A bago is a traditional boat built by the Mandar people of Sulawesi, Indonesia. The hull is of the pajala-type, lightly built and allowing for shallow displacement. The boat is long, with the mast only making up a quarter of its length. A bago can be readily identified as Mandarese boat by its rudderpost style. Smaller-sized bagos are often used as fishing boats from which fishermen cast their nets. The Mandar people prefer using a bago over an outrigger canoe.
In the present, small bagos are outfitted with a leti (lete) sail/rig, but not long ago, they had canted rectangular sails (tanja rig). Bigger versions of the bago, also using the pajala-type hull, are sometimes built rather deep and round but without the angle at the end of the keel. These boats can be found all over Mandar coast. A type with nade sail, created the West Sulawesian lambo. Another type, with leti sail and Mandar-style flat-roofed deckhouse, may be mistaken as leti leti. There is not much difference between the two except in the pattern of the placement of the planks and other details that give the characteristics of each manufacturing place of the boat.
Proas are various types of multi-hull outrigger sailboats of the Austronesian peoples. The terms were used for native Austronesian ships in European records during the Colonial era indiscriminately, and thus can confusingly refer to the double-ended single-outrigger boats of Oceania, the double-outrigger boats of Island Southeast Asia, and sometimes ships with no outriggers or sails at all.
A jukung or kano, also known as cadik is a small wooden Indonesian outrigger canoe. It is a traditional fishing boat, but newer uses include "Jukung Dives", using the boat as a vehicle for small groups of SCUBA divers.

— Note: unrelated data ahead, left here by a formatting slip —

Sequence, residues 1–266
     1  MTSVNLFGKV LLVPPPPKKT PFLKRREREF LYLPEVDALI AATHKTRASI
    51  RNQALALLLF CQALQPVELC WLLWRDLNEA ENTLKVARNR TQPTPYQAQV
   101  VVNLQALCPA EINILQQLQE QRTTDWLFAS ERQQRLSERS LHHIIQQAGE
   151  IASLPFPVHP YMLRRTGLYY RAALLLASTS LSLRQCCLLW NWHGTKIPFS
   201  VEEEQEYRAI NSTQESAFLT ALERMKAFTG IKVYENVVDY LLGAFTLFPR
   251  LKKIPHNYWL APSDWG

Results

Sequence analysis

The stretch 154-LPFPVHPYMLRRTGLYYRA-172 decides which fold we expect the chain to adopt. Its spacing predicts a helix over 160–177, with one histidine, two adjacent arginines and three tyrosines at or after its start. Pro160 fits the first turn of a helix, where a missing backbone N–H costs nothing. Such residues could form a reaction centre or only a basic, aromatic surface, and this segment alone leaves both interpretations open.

The crab claw sail or, as it is sometimes known, Oceanic lateen or Oceanic sprit, is a triangular sail with spars along upper and lower edges. The crab claw sail is used in many traditional Austronesian cultures, as can be seen by the traditional paraw, proa, lakana, and tepukei.
The term pinisi or phinisi refer to a type of rig, the masts, sails and the configuration of the ropes (‘lines’) of Indonesian sailing vessels. It was mainly built by the Konjo tribe, a sub-ethnic group of Bugis-Makassar mostly residents at the Bulukumba regency of South Sulawesi but was, and still is used widely by the Buginese and Makassarese, mostly for inter-insular transportation, cargo and fishing purposes within Indonesian archipelago.
Tongkang or "Tong'kang" refers to several type of boats used to carry goods along rivers and shoreline in Maritime Southeast Asia. One of the earliest record of tongkang comes from 15th century Malay Annals. One passage mentioned it as being used by Majapahit empire during the 1350 attack on Singapura.
Traditionally, many different kinds of boats have been used as fishing boats to catch fish in the sea, or on a lake or river. Even today, many traditional fishing boats are still in use. According to the United Nations Food and Agriculture Organization (FAO), at the end of 2004, the world fishing fleet consisted of about 4 million vessels, of which 2.7 million were undecked (open) boats. While nearly all decked vessels were mechanised, only one-third of the undecked fishing boats were powered, usually with outboard engines. The remaining 1.8 million boats were traditional craft of various types, operated by sail and oars.
The term lambo or lamba refer to two types of traditional boats from Indonesia.
The pinas, sometimes called "pinis" as well, is one of two types of junk rigged schooners of the east coast of the Malay peninsula, built in the Terengganu area. This kind of vessel was built of Chengal wood by the Malays since the 19th century and roamed the South China Sea and adjacent oceans as one of the two types of traditional sailing vessels the late Malay maritime culture has developed: The bedar and the pinas.